A BJT consists of three differently doped semiconductor regions, the emitter region, the base region and the collector region. These regions are, respectively, p type, n type and p type in a PNP, and n type, p type and n type in a NPN transistor. Each semiconductor region is connected to a terminal, appropriately labeled: emitter (E), base (B) and collector (C).
The base is physically located between the emitter and the collector and is made from lightly doped, high resistivity material. The collector surrounds the emitter region, making it almost impossible for the electrons injected into the base region to escape being collected, thus making the resulting value of α very close to unity, and so, giving the transistor a large β. A cross section view of a BJT indicates that the collector-base junction has a much larger area than the emitter-base junction.
Regions of operationBipolar transistors have five distinct regions of operation, defined mostly by applied bias:
- Forward-active (or simply, active): The base-emitter junction is forward biased and the base-collector junction is reverse biased. Most bipolar transistors are designed to afford the greatest common-emitter current gain, βF, in forward-active mode. If this is the case, the collector-emitter current is approximately proportional to the base current, but many times larger, for small base current variations.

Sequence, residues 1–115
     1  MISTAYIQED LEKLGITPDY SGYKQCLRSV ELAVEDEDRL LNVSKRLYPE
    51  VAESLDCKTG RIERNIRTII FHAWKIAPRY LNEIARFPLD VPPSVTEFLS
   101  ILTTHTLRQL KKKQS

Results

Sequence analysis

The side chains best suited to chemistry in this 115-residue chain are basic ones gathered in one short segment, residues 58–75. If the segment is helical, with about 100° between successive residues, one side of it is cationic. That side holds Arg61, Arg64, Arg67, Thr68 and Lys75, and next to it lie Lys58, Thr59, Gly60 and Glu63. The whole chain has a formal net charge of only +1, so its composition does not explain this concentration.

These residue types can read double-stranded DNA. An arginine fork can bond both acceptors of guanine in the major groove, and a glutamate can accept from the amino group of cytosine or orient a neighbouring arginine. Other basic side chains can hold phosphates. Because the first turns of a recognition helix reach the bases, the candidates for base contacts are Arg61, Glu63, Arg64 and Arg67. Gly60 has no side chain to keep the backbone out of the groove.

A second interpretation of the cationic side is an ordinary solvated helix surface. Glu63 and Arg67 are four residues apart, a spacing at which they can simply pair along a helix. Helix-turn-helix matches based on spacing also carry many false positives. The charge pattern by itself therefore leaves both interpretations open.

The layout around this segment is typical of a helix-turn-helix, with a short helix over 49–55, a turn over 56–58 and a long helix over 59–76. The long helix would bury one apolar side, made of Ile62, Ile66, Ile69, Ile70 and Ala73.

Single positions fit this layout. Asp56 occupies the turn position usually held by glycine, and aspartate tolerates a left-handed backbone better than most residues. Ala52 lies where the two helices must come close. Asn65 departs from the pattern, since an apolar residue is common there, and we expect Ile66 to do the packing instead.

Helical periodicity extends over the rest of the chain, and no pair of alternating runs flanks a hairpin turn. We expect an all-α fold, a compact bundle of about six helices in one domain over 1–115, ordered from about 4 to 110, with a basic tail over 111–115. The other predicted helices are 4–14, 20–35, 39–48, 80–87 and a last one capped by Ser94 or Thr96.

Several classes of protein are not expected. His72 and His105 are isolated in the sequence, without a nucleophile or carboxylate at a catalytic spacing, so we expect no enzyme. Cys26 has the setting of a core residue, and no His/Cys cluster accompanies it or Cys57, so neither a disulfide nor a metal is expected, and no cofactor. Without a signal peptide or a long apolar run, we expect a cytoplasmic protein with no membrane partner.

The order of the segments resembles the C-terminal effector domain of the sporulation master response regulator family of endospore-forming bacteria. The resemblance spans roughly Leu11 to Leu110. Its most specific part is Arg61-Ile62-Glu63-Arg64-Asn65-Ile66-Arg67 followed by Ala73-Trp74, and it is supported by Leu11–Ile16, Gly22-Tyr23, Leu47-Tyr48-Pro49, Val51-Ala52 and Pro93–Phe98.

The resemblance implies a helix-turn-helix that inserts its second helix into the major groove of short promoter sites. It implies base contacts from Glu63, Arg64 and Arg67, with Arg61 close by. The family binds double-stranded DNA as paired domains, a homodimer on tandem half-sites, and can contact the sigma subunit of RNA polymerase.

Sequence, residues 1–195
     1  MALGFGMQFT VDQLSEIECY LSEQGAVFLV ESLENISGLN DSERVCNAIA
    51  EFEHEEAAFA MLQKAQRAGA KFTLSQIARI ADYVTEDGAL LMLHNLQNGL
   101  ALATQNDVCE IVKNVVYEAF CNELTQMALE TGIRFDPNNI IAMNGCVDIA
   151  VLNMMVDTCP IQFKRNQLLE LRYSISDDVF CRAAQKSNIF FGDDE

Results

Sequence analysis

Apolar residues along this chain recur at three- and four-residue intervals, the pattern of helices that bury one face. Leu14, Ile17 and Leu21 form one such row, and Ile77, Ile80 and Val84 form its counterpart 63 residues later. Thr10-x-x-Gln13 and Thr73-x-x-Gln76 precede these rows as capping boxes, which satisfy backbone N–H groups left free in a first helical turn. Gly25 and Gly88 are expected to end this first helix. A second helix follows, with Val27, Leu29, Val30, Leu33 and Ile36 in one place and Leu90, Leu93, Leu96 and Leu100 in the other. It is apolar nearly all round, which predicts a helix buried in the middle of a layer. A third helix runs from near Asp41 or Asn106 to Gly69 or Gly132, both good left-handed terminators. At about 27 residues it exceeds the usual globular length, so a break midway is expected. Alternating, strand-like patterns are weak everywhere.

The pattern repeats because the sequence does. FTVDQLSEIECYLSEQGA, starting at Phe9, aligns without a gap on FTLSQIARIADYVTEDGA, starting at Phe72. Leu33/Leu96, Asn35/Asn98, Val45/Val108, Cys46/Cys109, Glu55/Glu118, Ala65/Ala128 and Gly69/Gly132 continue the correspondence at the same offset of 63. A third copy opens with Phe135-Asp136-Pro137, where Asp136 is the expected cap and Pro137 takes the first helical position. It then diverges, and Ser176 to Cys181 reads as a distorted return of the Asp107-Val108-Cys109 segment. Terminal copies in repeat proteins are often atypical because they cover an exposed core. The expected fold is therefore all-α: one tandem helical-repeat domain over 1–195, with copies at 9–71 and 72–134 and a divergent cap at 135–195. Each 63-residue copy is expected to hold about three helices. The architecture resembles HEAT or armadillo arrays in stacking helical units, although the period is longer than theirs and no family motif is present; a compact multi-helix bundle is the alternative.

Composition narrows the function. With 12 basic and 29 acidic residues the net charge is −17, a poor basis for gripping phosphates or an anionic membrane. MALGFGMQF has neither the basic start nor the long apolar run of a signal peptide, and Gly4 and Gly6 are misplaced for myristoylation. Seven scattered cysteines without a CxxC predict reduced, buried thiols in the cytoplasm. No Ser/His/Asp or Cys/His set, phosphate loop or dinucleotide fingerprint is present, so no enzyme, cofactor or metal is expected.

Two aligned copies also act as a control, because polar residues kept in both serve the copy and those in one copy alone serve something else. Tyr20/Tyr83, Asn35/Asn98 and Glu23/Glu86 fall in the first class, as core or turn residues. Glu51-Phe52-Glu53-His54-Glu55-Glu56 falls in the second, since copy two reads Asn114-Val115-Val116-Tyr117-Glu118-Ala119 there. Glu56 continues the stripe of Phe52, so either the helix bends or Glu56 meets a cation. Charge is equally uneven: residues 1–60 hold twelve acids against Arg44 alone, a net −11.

- Reverse-active (or inverse-active or inverted): By reversing the biasing conditions of the forward-active region, a bipolar transistor goes into reverse-active mode. In this mode, the emitter and collector regions switch roles. Because most BJTs are designed to maximize current gain in forward-active mode, the βF in inverted mode is several (2-3 for the ordinary germanium transistor) times smaller. This transistor mode is seldom used, usually being considered only for failsafe conditions and some types of bipolar logic. The reverse bias breakdown voltage to the base may be an order of magnitude lower in this region.
- Saturation: With both junctions forward-biased, a BJT is in saturation mode and facilitates high current conduction from the emitter to the collector. This mode corresponds to a logical "on", or a closed switch.
- Cutoff: In cutoff, biasing conditions opposite of saturation (both junctions reverse biased) are present. There is very little current flow, which corresponds to a logical "off", or an open switch.
- Avalanche breakdown region
Ricardo A. Monroy B. C.I. 17646658